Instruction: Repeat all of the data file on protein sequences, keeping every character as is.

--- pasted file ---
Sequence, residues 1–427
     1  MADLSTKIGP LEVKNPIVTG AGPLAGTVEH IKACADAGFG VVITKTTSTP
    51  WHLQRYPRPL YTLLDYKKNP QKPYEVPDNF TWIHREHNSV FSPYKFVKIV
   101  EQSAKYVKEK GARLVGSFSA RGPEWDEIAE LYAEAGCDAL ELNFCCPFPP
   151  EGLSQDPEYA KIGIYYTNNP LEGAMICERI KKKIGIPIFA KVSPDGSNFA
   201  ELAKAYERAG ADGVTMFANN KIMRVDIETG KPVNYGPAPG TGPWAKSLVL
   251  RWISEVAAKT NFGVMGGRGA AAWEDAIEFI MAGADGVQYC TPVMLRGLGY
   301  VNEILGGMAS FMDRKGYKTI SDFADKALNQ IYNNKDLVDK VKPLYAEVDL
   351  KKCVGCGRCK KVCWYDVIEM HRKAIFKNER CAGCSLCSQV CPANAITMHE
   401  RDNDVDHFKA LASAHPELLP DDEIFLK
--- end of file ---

Sequence, residues 1–427
     1  MADLSTKIGP LEVKNPIVTG AGPLAGTVEH IKACADAGFG VVITKTTSTP
    51  WHLQRYPRPL YTLLDYKKNP QKPYEVPDNF TWIHREHNSV FSPYKFVKIV
   101  EQSAKYVKEK GARLVGSFSA RGPEWDEIAE LYAEAGCDAL ELNFCCPFPP
   151  EGLSQDPEYA KIGIYYTNNP LEGAMICERI KKKIGIPIFA KVSPDGSNFA
   201  ELAKAYERAG ADGVTMFANN KIMRVDIETG KPVNYGPAPG TGPWAKSLVL
   251  RWISEVAAKT NFGVMGGRGA AAWEDAIEFI MAGADGVQYC TPVMLRGLGY
   301  VNEILGGMAS FMDRKGYKTI SDFADKALNQ IYNNKDLVDK VKPLYAEVDL
   351  KKCVGCGRCK KVCWYDVIEM HRKAIFKNER CAGCSLCSQV CPANAITMHE
   401  RDNDVDHFKA LASAHPELLP DDEIFLK